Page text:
Our local hero – Liz Atkin

Internationally acclaimed artist Liz Atkin, from the nearby Havelock Walk dropped into The Signal to talk to us about how she has used art as a tool for recovery.
Have you ever heard of Dermatillomania? No? Neither had we…until we spotted Liz’s #compulsivecharcoal sketches across social media. Art has always been a hobby to Liz but now it is so much more. Liz has used art as a tool for recovery, she confront her condition through art and it’s getting better.
Liz sketches away on a past issue of the Hippo Times as she describes the difficulty of keeping her hands and mind busy on the long commutes to and from her job in North London.   ‘Picking at your skin is very common, but when it’s beyond your control and starts causing physical damage it becomes a problem.
You may be surprised to discover that 1 in 25 people suffer from Dermatillomania, otherwise known as compulsive skin picking. It is a complex mental illness.  CSP is still a relatively unknown condition, but recent studies have revealed it can develop at any age. It can be triggered by many factors including stress and becomes a way of dealing with emotions. More recent studies have also found that CSP may have underlying genetic or hereditary links.
Liz suffered for years until one pivotal day a friend gave her a set of charcoal and a small sketchbook. One fidgety tube journey, Liz took out the charcoal and started sketching. Liz found that by keeping her hands busy she was less drawn to picking.  During one journey Liz ran out of pages in her notebook and picked up a scrap newspaper and started sketching onto images.  Liz shared a picture on her social media and left the sketch on the tube. Later she was suddenly inundated with likes and questions about where she had found the newspaper sketches.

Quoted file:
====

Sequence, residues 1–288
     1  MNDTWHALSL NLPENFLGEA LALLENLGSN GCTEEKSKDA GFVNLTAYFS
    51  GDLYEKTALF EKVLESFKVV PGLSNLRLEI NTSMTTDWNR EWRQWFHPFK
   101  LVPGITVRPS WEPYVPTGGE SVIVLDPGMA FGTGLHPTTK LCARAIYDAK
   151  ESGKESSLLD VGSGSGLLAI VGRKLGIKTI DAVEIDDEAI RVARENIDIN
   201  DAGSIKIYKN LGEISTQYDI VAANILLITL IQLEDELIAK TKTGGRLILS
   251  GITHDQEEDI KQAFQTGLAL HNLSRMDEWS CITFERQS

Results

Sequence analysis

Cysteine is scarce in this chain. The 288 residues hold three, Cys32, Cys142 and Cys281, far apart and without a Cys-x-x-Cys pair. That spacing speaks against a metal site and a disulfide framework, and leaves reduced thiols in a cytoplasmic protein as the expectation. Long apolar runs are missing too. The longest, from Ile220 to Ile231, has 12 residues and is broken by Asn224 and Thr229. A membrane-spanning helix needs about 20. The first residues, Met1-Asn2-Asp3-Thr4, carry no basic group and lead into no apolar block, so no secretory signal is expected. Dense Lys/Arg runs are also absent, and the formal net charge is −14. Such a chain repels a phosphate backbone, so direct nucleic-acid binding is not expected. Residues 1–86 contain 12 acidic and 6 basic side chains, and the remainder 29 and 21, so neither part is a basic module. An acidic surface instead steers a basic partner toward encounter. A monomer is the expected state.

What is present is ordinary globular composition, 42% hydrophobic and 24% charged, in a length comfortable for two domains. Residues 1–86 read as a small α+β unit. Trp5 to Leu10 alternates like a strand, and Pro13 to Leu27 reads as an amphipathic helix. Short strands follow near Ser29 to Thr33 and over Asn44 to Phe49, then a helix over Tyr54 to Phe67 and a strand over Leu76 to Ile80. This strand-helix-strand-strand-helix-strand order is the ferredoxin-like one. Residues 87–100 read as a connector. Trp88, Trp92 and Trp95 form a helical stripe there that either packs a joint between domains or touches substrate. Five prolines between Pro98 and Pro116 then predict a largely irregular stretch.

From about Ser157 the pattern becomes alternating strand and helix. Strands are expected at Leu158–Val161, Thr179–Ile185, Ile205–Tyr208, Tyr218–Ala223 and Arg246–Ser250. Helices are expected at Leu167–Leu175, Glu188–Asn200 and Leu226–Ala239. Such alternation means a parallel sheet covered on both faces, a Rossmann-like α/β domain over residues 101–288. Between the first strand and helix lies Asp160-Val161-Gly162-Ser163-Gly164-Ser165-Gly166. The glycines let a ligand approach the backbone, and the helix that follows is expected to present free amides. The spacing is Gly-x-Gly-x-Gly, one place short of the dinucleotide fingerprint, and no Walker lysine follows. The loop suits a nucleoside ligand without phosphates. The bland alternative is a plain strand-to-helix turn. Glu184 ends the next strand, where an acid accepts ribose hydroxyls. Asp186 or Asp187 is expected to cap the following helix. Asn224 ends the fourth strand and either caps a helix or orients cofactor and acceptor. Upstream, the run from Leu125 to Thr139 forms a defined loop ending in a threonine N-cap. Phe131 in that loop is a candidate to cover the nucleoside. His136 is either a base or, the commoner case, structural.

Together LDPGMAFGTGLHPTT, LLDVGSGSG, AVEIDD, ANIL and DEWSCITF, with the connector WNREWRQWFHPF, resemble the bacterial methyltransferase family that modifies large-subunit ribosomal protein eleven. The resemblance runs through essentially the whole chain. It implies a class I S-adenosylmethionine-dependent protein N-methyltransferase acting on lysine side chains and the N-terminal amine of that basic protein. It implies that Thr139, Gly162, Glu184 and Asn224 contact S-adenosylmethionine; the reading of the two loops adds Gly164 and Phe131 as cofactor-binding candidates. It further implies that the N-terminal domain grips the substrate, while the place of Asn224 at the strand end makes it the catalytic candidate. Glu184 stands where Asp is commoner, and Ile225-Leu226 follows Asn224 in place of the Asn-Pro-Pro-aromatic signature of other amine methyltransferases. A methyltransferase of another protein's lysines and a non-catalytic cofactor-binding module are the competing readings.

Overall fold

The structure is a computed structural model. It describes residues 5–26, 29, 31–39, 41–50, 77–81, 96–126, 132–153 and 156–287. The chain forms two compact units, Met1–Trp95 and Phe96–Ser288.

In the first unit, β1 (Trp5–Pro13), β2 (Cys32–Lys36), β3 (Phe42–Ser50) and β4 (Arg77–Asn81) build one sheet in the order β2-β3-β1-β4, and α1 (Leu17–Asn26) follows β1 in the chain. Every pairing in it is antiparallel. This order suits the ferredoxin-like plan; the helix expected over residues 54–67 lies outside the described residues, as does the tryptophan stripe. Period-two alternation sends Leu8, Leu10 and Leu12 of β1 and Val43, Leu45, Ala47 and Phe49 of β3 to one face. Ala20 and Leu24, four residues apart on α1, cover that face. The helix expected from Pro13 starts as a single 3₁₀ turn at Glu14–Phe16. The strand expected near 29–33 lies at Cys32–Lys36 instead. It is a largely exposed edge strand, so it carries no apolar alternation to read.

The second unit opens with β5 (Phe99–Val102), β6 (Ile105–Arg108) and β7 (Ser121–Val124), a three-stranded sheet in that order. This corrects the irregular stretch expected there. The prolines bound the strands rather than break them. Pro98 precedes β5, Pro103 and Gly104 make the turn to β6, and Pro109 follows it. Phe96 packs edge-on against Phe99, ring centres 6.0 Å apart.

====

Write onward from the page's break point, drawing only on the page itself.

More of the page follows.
Now, Liz creates up to 60 sketches a day and has given away 15,000 drawings since she started her #compulsivecharcoal.  Liz soon noticed the curiosity of her fellow commuters and took the opportunity to engage with people. Liz hands out her sketches along with a postcard explaining the purpose of #compulsivecharcoal.  “Only this morning I noticed a guy watching me sketch so I handed him a postcard, he then went on to tell me that his girlfriend also suffers from CSP, it got pretty emotional”. It’s amazing how a small act of kindness can open up the discussion on mental health. Liz’s creations have had a huge impact raising awareness for the condition. Liz has used art to harness her condition and to raise advocacy for CSP and mental health more widely. The happy accident of running out of sketch paper has led to a campaign which has made huge leaps in de-stigmatizing CSP. Liz is now a key advocate and has been profiled by BBC Breakfast, BBC Radio 4 and VICE magazine among many others. In 2017 Liz even took part in the Singapore Fringe Festival delivering a series of lectures and art workshops and creating more than 400 #CompulsiveCharcoal drawings on public transport.
Liz’s 1 minute compulsive charcoal drawings, though a simple gesture, have started a conversation on mental health and CSP which didn’t exist before. Any encounter whether on the tube or over social media can have a powerful ripple effect and open vital conversations on mental health. If you’re ever lucky enough to spot Liz on a tube journey around London make sure you join in and share the #compulsivecharcoal hashtag. Let’s keep the mental health conversation going!
T: @LizAtkin